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KOSHER – Jewish dietary laws

The Jewish dietary laws specify what foods are permissible and how food is to be prepared in order to be kosher. These laws are laid down in the Old Testament, the Talmud, and in later rabbinical writings. Jewish food is subject to these rules. The following notes relate to the dietary rules which enable even strictly Orthodox Jews to eat a particular dish.

Definition

Foods and the dishes produced from them which follow these rules are "kosher" (Hebrew for pure, suitable) and can therefore be eaten. The opposite is “treif,” which means “impure”, i.e. something which Jews are not allowed to eat.

Foods

The only mammals that are considered kosher are those which chew the cud and have a cloven hoof (e.g. cows). That means that pork, for example, is to considered “treif”, i.e. not kosher.

Among the other animals, birds of prey and fish without fins, gills and scales are forbidden. This ban applies for example to sturgeon, which has plates instead of scales. This means that genuine caviar is also forbidden, together with lobster, crayfish, mussels and squid. Other treif foods include all reptiles, frogs, worms, mussels, snails, spiders, insects and the like.

On the whole, vegetarian foods are considered kosher. An important exception is wine which has been prepared by non-Jews. To be on the safe side, ready-to-eat meals prepared by non-Jews are also considered not kosher. These prohibitions can be countered by regular checks of the production facilities by a rabbi and having a Jew light the flame for cooking (on the whole, a small pilot light which is on all the time is used for this purpose).

During the eight days of Passover there are additional rules to avoid eating any kind of yeast or leaven..

Kosher butchering

The Jewish dietary laws also specify how a warm-blooded animal – i.e. a fowl or mammal – is to be slaughtered. This is done by kosher butchering (shechita), in which a very sharp knife is used to sever the animal’s carotid artery and windpipe, after which the animal is suspend with its head down in order to drain all the blood. This process can only be carried out by a qualified shochet (ritual slaughterer). The length of the knife is determined according to the animal to be slaughtered. An Orthodox Jew is strictly forbidden to consume any blood, and Jewish food preparation has a series of techniques to remove the last drops of blood from a piece of meat.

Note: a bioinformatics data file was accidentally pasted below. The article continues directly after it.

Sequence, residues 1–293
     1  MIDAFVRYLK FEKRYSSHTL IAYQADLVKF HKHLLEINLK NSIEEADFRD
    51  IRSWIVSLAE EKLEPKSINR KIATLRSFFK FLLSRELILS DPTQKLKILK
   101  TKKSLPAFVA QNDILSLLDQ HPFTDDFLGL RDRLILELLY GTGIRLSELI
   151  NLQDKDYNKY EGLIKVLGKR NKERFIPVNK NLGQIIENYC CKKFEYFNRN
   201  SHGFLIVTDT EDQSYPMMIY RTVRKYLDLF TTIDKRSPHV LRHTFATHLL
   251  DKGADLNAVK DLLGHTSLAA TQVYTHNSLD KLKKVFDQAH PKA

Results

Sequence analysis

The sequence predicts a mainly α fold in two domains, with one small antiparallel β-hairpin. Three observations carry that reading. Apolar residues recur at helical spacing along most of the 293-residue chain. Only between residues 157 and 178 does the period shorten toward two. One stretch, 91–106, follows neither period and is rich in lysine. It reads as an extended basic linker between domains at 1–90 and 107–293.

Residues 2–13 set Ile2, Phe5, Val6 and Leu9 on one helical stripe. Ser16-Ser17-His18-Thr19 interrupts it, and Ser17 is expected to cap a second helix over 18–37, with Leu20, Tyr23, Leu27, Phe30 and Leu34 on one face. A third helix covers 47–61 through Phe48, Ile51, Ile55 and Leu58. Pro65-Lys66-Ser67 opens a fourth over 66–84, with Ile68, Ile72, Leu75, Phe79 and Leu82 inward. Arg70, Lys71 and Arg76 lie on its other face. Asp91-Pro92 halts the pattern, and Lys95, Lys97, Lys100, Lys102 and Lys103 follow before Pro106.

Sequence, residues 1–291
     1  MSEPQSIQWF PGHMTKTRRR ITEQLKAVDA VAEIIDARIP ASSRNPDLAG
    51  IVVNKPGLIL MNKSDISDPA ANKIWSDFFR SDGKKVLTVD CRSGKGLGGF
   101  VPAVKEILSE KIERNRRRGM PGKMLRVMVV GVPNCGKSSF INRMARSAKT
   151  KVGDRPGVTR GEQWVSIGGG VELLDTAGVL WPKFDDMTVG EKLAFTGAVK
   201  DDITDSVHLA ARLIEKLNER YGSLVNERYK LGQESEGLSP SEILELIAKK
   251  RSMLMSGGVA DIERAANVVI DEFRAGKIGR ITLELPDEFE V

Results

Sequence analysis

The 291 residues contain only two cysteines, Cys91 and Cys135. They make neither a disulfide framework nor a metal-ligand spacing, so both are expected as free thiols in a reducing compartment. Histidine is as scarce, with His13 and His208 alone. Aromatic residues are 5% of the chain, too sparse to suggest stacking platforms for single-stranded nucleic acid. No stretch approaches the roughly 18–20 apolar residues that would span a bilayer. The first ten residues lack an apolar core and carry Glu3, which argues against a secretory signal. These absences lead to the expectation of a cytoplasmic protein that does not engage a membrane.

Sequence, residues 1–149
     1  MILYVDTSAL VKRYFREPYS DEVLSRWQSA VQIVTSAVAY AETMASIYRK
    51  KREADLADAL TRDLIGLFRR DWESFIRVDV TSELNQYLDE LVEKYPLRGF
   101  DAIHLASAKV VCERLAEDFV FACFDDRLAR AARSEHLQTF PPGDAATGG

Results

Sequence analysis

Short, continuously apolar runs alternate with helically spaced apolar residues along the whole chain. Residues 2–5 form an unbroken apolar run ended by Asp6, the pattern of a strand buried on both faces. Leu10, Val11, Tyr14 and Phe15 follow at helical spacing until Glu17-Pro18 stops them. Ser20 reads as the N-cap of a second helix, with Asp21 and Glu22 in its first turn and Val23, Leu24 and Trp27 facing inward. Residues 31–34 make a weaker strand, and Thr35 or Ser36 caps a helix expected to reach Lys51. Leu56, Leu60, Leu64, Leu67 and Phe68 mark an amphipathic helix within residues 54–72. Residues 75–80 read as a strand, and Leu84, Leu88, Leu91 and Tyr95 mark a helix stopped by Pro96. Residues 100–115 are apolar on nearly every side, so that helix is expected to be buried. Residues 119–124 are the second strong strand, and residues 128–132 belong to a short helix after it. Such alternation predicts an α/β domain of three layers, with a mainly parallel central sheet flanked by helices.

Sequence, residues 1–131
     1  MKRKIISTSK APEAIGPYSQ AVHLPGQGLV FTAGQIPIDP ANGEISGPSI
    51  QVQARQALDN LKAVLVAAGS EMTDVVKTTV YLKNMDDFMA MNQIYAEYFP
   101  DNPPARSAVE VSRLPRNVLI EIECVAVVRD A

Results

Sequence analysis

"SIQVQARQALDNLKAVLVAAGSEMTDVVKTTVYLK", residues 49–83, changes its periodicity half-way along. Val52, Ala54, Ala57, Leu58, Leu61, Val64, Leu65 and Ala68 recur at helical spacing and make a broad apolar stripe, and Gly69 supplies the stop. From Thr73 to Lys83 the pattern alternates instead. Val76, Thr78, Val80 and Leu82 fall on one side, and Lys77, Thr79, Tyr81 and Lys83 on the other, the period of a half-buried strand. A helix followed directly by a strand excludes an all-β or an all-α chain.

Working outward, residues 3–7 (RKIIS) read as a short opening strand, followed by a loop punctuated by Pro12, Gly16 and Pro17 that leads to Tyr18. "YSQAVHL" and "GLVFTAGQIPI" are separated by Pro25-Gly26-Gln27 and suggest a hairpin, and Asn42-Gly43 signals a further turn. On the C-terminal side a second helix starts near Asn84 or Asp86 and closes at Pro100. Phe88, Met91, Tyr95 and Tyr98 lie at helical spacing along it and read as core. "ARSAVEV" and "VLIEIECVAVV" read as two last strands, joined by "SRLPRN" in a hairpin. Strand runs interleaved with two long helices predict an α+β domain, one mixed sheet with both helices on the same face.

Not all parts of a kosher animal which has been slaughtered in compliance with the rules of Orthodox Jewish food preparation may be eaten. A particular sinew must not be eaten, and in the case of mammals the fat deposits round the stomach, rumen, kidneys and other entrails are forbidden. Top-quality kosher meat is called “glatt kosher”.

Milk and meat

In the five books of Moses of the Old Testament, the same sentence is repeated three times. It is generally translated as follows from the Hebrew: “Thou shalt not seethe the kid in its mother’s milk.” The Talmudic writings in particular have interpreted this sentence as prohibiting the preparation of the meat of warm-blooded animals (i.e. mammals and poultry) together with dairy products (butter, yoghurt, cheese or similar). After a dish made of dairy products it is permitted to immediately eat a meat dish, but after a meat meal it is necessary to wait for six full hours before being allowed to eat something “milky” again.

Orthodox Jews interpret this separation of milk and meat products so strictly that they use separate utensils and dishes for preparing and eating milk and meat products. Some of them also use separate refrigerators and stoves.

Plant-based foods are considered neutral and can be used with both “milky” (milchig) and “meaty” (fleishig) dishes. Fish is also considered neutral or parve.